08 March 2020
Bidding is hard work - it's not the first 90% that will kill you; it's the second 90%.
Preparing a large bid is hard work. And it always seems that when you feel you are nearing completion - you still end-up working through the night.
Having good process assists in making the journey smoother; this article seeks to provide some guidance in that direction. However, the best tip is always ask yourself "should we bidding on this opportunity at all?"
The first step in preparing a bid is to first complete the capture plan.
If the the outcome from capture planning recommends proceeding with the bid, then you will already have the basis of a bid strategy worked out.
The absence of a clear strategy (i.e. not being able to answer "what makes us think we have a good chance of winning this project?") should be one good reason not to waste resources on bidding.
Assuming a green light, bidding comprises four steps: detailed bid evaluation, solution development and pricing, proposal writing, and submitting the bid.
Bidding /Detailed Bid Evaluation
Bidding should always begin with a detailed review of the bid specification.
In the case where the customer has supplied a detailed bid specification, the bid is carefully read through by each member of your bid team. This may have already taken place during capture planning, however, after deciding to proceed the bid review process is generally repeated in greater detail.
When you have identified the opportunity early, capture planning can take place prior to receiving the bid specification. In some cases you may have the opportunity to either write the specification for the client (based on the needs analysis) or have assisted the client with preparing their specification. This is good practice as it provides the opportunity to steer the specification toward your capabilities.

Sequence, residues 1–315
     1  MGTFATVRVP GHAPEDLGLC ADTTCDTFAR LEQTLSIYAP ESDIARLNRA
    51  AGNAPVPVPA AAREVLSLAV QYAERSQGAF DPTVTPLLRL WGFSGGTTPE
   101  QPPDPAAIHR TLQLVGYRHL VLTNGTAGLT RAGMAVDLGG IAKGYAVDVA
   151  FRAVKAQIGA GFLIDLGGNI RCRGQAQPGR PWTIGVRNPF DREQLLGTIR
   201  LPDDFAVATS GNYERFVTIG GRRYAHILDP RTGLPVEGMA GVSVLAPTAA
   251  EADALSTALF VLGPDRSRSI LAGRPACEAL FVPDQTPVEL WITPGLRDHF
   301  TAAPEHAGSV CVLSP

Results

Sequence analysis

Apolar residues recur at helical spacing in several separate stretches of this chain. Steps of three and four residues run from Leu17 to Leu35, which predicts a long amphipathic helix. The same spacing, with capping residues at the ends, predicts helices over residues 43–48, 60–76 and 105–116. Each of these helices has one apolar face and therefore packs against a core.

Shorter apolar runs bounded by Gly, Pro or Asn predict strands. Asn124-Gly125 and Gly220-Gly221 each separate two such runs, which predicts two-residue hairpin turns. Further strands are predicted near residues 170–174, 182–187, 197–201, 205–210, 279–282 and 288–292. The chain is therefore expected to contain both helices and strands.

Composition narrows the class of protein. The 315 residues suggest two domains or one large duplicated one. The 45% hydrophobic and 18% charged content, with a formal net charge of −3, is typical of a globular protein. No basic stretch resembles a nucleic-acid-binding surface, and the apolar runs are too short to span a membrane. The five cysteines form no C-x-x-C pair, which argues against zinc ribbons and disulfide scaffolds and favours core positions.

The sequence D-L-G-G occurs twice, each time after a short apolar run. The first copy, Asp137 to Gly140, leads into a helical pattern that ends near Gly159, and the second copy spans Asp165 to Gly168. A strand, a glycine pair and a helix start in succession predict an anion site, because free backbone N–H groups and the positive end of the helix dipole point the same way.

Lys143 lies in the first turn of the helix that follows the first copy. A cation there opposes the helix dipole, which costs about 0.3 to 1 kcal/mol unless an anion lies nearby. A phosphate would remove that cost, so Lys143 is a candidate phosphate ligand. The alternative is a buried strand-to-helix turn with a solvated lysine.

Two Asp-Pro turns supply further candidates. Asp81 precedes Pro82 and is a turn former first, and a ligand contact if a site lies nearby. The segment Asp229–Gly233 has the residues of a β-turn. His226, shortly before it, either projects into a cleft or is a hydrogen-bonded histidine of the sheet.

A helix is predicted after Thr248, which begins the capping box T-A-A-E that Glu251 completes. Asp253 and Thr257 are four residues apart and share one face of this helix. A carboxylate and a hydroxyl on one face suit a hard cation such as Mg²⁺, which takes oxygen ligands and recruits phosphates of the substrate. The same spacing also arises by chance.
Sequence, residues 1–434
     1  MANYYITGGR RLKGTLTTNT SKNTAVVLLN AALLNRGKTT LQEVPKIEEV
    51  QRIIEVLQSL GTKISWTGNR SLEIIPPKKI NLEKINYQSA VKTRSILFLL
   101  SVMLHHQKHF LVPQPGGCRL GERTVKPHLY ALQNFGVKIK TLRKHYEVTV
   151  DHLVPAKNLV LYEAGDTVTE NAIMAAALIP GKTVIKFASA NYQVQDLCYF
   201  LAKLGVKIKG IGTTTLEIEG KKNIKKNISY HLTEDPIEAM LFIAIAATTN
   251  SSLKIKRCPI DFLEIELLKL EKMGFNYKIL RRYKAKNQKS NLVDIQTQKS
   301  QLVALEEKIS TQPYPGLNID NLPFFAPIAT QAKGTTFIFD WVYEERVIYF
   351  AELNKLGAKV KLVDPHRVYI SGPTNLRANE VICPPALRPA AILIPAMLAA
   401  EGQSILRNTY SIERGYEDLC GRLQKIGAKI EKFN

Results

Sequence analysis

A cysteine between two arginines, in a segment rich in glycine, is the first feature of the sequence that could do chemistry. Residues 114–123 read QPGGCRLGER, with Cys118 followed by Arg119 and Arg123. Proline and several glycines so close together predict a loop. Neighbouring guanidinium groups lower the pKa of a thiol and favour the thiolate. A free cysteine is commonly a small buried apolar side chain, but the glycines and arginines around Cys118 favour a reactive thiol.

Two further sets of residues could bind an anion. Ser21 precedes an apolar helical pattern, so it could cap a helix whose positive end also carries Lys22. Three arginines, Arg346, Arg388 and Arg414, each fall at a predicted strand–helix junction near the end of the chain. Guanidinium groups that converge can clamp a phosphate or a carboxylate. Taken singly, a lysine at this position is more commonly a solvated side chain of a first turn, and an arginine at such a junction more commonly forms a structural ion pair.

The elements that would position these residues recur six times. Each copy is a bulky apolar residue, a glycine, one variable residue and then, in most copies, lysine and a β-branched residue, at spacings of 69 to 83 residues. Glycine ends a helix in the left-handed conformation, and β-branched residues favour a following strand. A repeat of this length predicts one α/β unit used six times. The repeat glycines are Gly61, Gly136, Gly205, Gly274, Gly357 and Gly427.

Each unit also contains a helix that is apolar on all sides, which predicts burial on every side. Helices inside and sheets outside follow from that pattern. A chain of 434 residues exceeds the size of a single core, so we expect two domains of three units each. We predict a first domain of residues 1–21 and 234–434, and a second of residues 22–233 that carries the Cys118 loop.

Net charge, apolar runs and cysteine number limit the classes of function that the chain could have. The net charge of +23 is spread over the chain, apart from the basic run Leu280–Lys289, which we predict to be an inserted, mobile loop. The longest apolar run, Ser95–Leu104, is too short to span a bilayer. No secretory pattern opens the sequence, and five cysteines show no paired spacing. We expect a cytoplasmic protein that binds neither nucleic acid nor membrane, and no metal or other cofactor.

During bid evaluation, the bid strategy is finalised and decisions such as submitting an alternative bid along with a conforming bid are made. In addition, options may be added to the bid to provide the opportunity to submit a price range and to encourage further discussion after the bid is submitted and before the bid is awarded (this is called 'getting a second bite at the cherry').
Bidding /Solution Development and Pricing
This is obviously a critical and defining step in the process. This is where the technical solution is developed in some detail and priced.
There is a balancing act required between overcooking the bid (and increasing the bid cost) and under-cooking the bid (failing to present an impressive solution and/or not getting the price right). Worse, sometimes developing a workable solution doesn't come easy, and it is impossible not to invest a lot of time.
Depending on the type of work, sometimes it's possible to not fully resolve the design work and you must make an educated allowance for the amount of time required to complete the design after winning the job. Clearly, there is an element of risk. However, narrowing the focus of the work scope (the type of work you bid for) enables building experience and therefore confidence when using this approach (read more about the importance of business focus here: What cycling teaches you about business).
Final build specifications and drawings are often left until the job is won.
To ensure consistency when pricing, a standardised spreadsheet format and checklists should be used to ensure that important items aren't left out. Again, narrowing the type of project enables building thorough checklists.
Trap for young players:
Many organisations request documentation such as as-built drawings, commissioning procedures, specifications for the entire project (and individual components), servicing and maintenance procedures, training manuals, and safe work procedures.